A Brief History
The convoluted family ties in European royal houses are due to monarchs over the centuries coming from countries other than the country reigned over.
Back in 1701, Sophia of Hanover, a German, became the heiress presumptive of the throne of Great Britain and Ireland, and her son became King George I, the first of the Hanoverian monarchs of Britain. In 1901, the Germanic House of Hanover was superseded by yet another Germanic royal house, the House of Saxe-Coburg and Gotha, its origins beginning with the marriage of Britain’s Queen Victoria to Prince Albert from territory in what is now Germany.
King George V changed the British royal “House” to Windsor in 1917 during World War I for political appearances because of the war with Germany and Austria.
Bonus: Some notable monarchs from nationalities other than the throne they occupied include Catharine II of Russia, aka Catharine the Great, who was from Prussia in what is now Poland, Anne of Kiev (Ukraine) became Queen of France,, King William III of England was Dutch, born in the Netherlands, and Catharine of Aragon, the first wife of King Henry VIII of England, was the mother of the future Queen Mary,. The list is virtually endless.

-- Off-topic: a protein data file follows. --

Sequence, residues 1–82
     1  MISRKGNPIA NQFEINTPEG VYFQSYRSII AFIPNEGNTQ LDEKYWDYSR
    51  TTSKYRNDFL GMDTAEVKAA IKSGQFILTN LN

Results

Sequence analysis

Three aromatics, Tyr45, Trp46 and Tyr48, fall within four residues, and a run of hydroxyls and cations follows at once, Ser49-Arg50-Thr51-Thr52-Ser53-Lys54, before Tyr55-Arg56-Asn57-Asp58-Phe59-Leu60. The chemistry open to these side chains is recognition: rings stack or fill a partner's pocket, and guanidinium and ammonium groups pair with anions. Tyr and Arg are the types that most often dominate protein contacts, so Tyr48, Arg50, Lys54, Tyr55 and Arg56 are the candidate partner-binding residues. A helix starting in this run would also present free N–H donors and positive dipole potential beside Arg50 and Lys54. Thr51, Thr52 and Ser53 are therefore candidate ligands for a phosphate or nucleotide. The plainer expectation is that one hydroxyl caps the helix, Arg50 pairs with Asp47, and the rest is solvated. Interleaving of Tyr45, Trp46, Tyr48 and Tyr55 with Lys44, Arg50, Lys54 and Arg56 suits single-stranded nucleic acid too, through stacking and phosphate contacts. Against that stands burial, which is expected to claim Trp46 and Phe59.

Question for students (and subscribers): What other European monarchs were not from the country they represented? Please let us know in the comments section below this article.
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For more information, please see…
Norder Publishing. European Royal Families. Picton Publishing, 1993.
Paterson, Michael. A Brief History of the House of Windsor: The Making of a Modern Monarchy. Robinson, 2013.
The featured image in this article, a photograph created by the United Kingdom Government of Queen Elizabeth II and Commonwealth leaders, taken at the 1960 Commonwealth Conference, Windsor Castle, is in the public domain, because it is one of the following:
- It is a photograph taken prior to 1 June 1957; or
- It was published prior to 1974; or
- It is an artistic work other than a photograph or engraving (e.g. a painting) which was created prior to 1974.
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